Northwest Fisheries Science Center

The Main Deck

Acoustic and trawl adventures in the Northeast Pacific

This portal tracks the research and sea-going activities of the Fisheries Engineering and Acoustic Technologies (FEAT) Team from NOAA¿s Northwest Fisheries Science Center.  Follow us as we use acoustics, trawling, and oceanographic sampling to learn about the Northeast Pacific Ocean.

Back deck of Bell M. Shimada
Acoustic echogram of hake
trawl catch
 

So many screens, so much information

By Sandy Parker-Stetter, NWFSC
Posted on February 11, 2017


The acoustics lab on the Bell M. Shimada is full of computers and screens. The photo shows the aft (i.e. rear) portion of the lab with 25 screens! Not all screens were being used at the time of the photo, but all are operational and have a purpose. What kind of information are we monitoring or working with that we need this many screens?

screens
Acoustic lab, looking aft. Credit Parker-Stetter, NWFSC
  • Acoustic data. These data help us decide when to fish. These monitors are watched 24 hours a day
  • Current flow data
  • Trigger control (timing and sequence) of the various instruments
  • Wind speed/direction. These data help us gauge if it’s too rough to fish or do side ops
  • Sea surface temperature and salinity. These data can alert us to changing water conditions
  • Ship’s location and marking spots where operations occurred to help us detect patterns
  • Trawl camera (i.e. the camera inside the net) data are downloaded and processed. These data tell us whether the hake we caught came into the net at the depth we expected them to
  • Path of our trawl in the water is plotted onto the acoustic data to see if we hit our desired target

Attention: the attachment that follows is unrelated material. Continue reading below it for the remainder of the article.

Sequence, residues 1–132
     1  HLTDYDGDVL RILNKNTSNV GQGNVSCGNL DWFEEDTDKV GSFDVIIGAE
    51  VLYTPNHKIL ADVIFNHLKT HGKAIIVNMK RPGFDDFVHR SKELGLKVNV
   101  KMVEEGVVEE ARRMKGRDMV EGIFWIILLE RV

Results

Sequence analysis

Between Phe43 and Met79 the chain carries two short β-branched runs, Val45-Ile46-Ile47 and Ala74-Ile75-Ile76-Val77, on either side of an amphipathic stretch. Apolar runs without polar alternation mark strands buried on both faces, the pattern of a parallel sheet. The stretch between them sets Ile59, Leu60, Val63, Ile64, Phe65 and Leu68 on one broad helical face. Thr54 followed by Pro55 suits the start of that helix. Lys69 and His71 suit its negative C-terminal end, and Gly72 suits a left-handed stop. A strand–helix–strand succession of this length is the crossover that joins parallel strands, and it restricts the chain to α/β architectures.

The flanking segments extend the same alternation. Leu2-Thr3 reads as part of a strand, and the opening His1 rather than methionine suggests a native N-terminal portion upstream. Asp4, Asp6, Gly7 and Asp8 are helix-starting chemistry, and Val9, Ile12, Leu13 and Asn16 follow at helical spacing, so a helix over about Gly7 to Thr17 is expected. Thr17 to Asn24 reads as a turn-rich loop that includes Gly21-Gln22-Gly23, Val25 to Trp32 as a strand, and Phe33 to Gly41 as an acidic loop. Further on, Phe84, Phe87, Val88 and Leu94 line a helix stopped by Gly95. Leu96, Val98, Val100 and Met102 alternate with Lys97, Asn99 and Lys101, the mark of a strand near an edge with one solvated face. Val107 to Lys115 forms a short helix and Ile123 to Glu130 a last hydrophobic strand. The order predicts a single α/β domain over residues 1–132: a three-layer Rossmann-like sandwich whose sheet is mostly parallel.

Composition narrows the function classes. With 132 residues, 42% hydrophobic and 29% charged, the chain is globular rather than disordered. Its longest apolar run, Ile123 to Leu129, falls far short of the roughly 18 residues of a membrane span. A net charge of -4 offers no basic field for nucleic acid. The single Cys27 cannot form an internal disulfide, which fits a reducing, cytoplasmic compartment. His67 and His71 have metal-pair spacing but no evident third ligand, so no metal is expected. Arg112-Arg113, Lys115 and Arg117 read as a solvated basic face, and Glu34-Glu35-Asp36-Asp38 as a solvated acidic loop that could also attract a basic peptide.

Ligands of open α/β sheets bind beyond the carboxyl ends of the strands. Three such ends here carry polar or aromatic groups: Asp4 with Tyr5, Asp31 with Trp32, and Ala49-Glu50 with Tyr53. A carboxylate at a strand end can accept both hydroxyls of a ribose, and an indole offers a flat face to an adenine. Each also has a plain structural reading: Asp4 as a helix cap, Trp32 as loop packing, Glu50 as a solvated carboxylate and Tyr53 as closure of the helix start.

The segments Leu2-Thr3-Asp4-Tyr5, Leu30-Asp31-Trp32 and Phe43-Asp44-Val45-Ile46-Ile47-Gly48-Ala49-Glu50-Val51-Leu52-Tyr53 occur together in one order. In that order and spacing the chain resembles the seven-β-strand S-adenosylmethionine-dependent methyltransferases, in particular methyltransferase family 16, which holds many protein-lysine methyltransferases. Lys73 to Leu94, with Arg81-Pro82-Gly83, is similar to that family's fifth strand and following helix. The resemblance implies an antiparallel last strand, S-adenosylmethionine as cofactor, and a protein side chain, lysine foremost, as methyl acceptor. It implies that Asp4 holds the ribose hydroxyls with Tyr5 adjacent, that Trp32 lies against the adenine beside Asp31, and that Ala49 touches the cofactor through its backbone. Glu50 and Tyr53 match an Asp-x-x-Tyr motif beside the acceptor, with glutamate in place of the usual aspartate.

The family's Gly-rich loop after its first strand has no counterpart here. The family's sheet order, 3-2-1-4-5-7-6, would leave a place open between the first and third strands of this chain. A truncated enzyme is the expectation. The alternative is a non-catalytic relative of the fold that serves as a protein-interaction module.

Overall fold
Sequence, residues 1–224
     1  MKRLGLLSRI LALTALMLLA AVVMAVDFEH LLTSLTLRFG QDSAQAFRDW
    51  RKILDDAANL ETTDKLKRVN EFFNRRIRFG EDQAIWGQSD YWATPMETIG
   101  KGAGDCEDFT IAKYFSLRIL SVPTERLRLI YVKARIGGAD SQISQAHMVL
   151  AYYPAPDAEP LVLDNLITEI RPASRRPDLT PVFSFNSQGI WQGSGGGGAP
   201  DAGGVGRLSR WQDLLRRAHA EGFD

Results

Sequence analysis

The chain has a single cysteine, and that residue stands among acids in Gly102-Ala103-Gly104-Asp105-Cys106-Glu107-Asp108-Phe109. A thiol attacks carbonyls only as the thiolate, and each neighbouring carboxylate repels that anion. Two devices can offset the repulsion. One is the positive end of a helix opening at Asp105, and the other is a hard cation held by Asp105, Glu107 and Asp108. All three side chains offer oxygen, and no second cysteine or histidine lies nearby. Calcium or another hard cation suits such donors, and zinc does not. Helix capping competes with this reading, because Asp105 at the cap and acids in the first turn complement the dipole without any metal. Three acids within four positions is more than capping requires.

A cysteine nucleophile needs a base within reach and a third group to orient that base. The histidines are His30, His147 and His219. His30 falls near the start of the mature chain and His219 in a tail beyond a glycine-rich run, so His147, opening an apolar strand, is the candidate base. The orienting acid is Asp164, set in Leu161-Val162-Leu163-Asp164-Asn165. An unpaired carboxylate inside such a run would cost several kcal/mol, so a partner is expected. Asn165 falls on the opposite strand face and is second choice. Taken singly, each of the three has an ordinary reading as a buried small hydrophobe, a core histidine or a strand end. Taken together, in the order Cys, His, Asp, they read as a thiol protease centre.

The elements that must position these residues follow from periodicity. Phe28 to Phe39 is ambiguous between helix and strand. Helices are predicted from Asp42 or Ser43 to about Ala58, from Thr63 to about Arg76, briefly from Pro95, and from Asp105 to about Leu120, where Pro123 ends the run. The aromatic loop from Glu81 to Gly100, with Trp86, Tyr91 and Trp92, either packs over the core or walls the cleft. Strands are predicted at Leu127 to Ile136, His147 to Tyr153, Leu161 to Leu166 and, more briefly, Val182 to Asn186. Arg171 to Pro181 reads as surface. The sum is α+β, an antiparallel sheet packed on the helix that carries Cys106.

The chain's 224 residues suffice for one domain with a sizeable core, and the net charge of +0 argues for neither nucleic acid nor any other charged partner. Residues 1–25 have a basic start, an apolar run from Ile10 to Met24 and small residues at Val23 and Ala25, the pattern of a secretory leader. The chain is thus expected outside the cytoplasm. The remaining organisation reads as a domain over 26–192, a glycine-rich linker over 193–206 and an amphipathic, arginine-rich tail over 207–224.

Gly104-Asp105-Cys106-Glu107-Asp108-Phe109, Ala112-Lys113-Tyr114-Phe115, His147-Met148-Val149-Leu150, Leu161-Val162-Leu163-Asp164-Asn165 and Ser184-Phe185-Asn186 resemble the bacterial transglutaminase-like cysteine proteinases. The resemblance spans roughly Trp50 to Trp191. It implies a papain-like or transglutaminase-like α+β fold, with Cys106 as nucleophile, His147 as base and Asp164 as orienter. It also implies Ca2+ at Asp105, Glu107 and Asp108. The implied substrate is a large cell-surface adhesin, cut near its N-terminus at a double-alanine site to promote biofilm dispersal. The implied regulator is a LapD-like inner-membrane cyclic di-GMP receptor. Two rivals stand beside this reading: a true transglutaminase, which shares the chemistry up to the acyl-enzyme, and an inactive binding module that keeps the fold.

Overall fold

• Back deck operations are observed via a video camera
  • Acoustic and oceanographic data are processed as they come aboard 
  • Theoretical acoustic energy returns from organisms *we think* are showing up on the acoustic monitors are modelled
  • Data that were collected from the fish in the trawls are checked and plotted
  • Data from previous surveys are processed for comparison with our current data
  • Fish and invertebrate identifications are checked with colleagues or online
  • Emailing to keep up with on-land work and family/friends

As you can imagine, this many screens (and the computers that are attached to them) generate a lot of heat. The acoustics lab can be “68°F and breezy” with all the vents blowing.

We continue to watch the monitors (all of them!) as we head north toward Newport, hoping to find more hake.


Tagged: Hake, Acoustics, Winter hake research, FEAT, FRAM, Oceanography, Ecosystem, California Current Large Marine Ecosystem, CCLME, El Niño, La Niña, Climate

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See more blog entries:

July 2017
June 2017
February 2017
January 2017
February 2016
January 2016